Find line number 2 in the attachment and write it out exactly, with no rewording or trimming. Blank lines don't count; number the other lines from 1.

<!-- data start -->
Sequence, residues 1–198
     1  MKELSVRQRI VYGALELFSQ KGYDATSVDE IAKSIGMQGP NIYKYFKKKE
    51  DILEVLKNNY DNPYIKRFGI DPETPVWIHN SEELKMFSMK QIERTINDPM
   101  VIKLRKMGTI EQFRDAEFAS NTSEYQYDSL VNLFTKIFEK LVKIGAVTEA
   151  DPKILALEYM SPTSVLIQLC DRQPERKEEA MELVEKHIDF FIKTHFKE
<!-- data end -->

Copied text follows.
     1  MKELSVRQRI VYGALELFSQ KGYDATSVDE IAKSIGMQGP NIYKYFKKKE